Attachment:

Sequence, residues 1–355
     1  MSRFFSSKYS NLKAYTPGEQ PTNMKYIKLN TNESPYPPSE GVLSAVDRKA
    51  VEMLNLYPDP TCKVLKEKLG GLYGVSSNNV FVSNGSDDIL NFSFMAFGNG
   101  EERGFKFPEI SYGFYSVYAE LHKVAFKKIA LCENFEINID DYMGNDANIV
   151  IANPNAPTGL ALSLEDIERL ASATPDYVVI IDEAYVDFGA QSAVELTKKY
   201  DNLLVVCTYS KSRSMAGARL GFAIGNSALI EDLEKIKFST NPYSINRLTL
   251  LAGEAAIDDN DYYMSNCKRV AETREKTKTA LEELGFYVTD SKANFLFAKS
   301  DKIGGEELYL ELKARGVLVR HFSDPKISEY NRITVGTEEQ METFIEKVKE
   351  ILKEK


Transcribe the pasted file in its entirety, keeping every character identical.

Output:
Sequence, residues 1–355
     1  MSRFFSSKYS NLKAYTPGEQ PTNMKYIKLN TNESPYPPSE GVLSAVDRKA
    51  VEMLNLYPDP TCKVLKEKLG GLYGVSSNNV FVSNGSDDIL NFSFMAFGNG
   101  EERGFKFPEI SYGFYSVYAE LHKVAFKKIA LCENFEINID DYMGNDANIV
   151  IANPNAPTGL ALSLEDIERL ASATPDYVVI IDEAYVDFGA QSAVELTKKY
   201  DNLLVVCTYS KSRSMAGARL GFAIGNSALI EDLEKIKFST NPYSINRLTL
   251  LAGEAAIDDN DYYMSNCKRV AETREKTKTA LEELGFYVTD SKANFLFAKS
   301  DKIGGEELYL ELKARGVLVR HFSDPKISEY NRITVGTEEQ METFIEKVKE
   351  ILKEK